Asked by: Andy Fletcher, London
The discovery of the Higgs boson in 2012 led to global headlines, and the award of Nobel Prizes to, among others, the British theorist Peter Higgs. He was one of a small group who argued that the particle was essential for explaining that most basic property of matter: mass. The Higgs is linked to an all-pervasive energy field that makes particles behave as if they have mass.
Since its discovery, experiments at the Large Hadron Collider (LHC) at CERN have probed the properties of this bizarre particle. So unstable it’s never been directly observed, the Higgs decays into other particles, and studying these could give new insights into the forces of nature.
According to current theories, the Higgs can decay into at least eight different pairs of particles. Yet the most common outcome – two so-called bottom quarks – has proved the hardest to confirm. That gave hope that something unexpected might be found. But the LHC team has recently announced they’ve detected the decay into bottom quarks – and it’s right in line with the Standard Model (the theory that classifies elementary particles and describes three of the four known fundamental forces). Physicists are far from delighted, however. They were hoping to get glimpses of radical new phenomena, but as yet nothing has turned up.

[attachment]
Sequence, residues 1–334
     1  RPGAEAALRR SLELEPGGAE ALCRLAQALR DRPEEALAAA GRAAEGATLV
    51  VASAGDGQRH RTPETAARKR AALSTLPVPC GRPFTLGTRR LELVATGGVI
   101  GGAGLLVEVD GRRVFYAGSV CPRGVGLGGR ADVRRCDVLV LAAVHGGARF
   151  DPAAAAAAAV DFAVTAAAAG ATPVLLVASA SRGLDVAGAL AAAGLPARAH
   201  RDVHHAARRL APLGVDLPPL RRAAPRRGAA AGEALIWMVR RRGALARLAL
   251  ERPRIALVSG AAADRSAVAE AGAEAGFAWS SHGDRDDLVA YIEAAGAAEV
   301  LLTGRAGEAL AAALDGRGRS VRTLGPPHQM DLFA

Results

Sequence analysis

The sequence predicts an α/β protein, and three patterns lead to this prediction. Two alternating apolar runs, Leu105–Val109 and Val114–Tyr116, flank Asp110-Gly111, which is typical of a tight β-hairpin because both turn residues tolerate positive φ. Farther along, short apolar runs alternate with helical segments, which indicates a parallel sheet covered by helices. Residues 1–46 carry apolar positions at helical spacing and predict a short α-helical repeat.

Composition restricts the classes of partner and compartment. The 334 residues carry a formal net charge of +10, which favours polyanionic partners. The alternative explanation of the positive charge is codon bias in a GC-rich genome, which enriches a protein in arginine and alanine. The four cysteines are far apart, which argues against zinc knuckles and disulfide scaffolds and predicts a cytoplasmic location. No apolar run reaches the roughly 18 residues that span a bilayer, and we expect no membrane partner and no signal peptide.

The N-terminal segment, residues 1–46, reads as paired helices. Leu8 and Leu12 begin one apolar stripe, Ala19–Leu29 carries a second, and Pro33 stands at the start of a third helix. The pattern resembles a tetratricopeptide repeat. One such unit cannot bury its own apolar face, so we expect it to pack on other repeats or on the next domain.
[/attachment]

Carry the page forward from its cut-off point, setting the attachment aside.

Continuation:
- Why are particle physicists so keen to find the Higgs boson?
- Why does one kilogram of feathers have more mass than one kilogram of iron?